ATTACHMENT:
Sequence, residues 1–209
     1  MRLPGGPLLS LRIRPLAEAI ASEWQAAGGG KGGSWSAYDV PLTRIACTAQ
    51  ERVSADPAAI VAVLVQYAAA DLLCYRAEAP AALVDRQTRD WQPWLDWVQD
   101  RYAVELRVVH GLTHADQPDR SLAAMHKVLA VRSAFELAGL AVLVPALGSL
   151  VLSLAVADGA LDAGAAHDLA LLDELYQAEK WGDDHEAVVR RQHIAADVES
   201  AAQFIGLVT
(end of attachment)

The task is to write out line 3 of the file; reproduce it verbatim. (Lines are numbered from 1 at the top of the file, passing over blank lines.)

    51  ERVSADPAAI VAVLVQYAAA DLLCYRAEAP AALVDRQTRD WQPWLDWVQD